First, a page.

It is amazing that this was the message of the progressive left. It was. We needed the Women’s Movement.
Here is what Gabby wrote about these times in West Philadelphia:
I was enchanted by City Hall. From there I found my way to the coffee houses out around the University, the foggy haunts of Rittenhouse Square, or the offices of the Resistance (Ω) on Walnut Street where I’d cross-polinate with my anti-draft brothers and sisters, in particular one sister.
When invited, I spent nights with the women who offered me comfort – and that is what it was for me, comfort, not conquest, a moment of relief from the edge of darkness where I was living. Before you judge me harshly as a promiscuous womanizer, skirt-chaser, cad, or rake alley-catting his way through Philadelphia, please – remember the times, the relaxed sexual mores, and the sense all around of us of the old order collapsing, the old world fading. In the Union we were immersed in our struggle for justice, but Vietnam was so very real and present, and it permeated all of our lives in deep and significant ways. We were carrying the world upon our shoulders. Me, I had simply forgotten or neglected or refused to register for the draft and so it was not until July 1, 1970 and the draft lottery (they lumped me in with those born in 1951 for reasons that the Nekoosa Draft Board might have understood but I didn’t) when I drew number two-eighty-something that the thought of having to confront an Order to Report for Induction any day left me. In these times, we took comfort and shelter where we found it.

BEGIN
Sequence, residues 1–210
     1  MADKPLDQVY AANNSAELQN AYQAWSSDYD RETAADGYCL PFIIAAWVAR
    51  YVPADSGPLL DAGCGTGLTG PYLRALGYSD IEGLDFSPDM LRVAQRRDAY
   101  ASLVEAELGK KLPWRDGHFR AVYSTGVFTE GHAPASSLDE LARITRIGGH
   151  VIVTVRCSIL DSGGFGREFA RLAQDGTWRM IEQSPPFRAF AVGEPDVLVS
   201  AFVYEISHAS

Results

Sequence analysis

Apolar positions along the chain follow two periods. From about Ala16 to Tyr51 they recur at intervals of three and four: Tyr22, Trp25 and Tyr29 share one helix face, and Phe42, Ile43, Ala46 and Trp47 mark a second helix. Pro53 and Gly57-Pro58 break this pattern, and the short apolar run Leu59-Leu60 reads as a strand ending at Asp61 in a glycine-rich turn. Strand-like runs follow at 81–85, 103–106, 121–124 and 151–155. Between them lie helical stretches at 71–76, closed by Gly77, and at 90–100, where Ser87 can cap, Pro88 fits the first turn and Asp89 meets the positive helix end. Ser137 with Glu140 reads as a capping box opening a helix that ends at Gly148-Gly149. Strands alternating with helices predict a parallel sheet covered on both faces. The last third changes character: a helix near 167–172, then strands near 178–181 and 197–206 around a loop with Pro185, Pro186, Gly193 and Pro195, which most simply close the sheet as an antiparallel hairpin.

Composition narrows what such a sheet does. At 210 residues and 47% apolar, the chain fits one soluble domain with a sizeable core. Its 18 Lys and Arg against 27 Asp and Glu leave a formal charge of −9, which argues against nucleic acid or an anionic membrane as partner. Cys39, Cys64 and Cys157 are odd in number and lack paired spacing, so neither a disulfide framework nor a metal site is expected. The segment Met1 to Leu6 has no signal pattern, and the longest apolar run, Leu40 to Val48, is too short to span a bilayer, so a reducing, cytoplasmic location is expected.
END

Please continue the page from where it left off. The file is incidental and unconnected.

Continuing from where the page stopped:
When we think of 1969 or 1970, hippie images are inevitable. As I sat around with Labor guys and talked about life on the boycott, they predictably and inevitably would ask me about “all the hippie chicks you must be banging.” Yes, to some extent the Union was a bridge between the Labor Movement and youth counterculture, but they were predictably and inevitably disappointed when I told them, “It’s not like that.”
The girls and young women who took me in were not hippie chicks, and I would never say that I “banged” anybody. I found myself with the serious and intense ones. All but my friend from Resistance (Ω) were students. Not that it matters, but they were all Jewish or Catholic – no Protestant mojo for Gabby I guess. They thought, they read, they worried, they cared. They cared about what our government was doing to the peasant class of Southeast Asia. They cared that the boys they knew growing up were killing and being killed.
They cared about farm workers and justice, and they cared when I asked, “I am Gabriel. Will you talk with me? What’s your name?” Romance was always their offer and their place, never mine. For one, Mascher Street was a long ways away and it was nowhere you wanted to take someone.
Plus, lesson learned in Delano, I kept this comfort and shelter far away from the Union and the boycott staff on general principle. I still look for the peace train every day and I did then although I was not calling it a peace train then.
In the arms of gentle strangers was where I found it then, a night or two – truth be told, longer than that with the sister from Resistance (Ω) whose true love was in prison for resisting (Ω) the draft (did this make me a bad person?) – soon gone, no thought of everlasting and nothing expected in return, just rescuing each other for a few hours.
I like the way he writes. That was not the Philadelphia that I knew, and it wasn’t the 1969 that I knew, but it feels real. In those days Gabby saw life as if it were all one big Louis Faurer photograph.
My friend remembers Gabby fondly. Together they visited every Dewey’s lunch stand they could find. In Philadelphia there were 24 Linton’s, 44 Horn and Hardart’s and 18 Dewey’s. This was their favorite, at 8th and Market:
That’s all well and good. What did he think about Gabby’s encounters with the Resistance?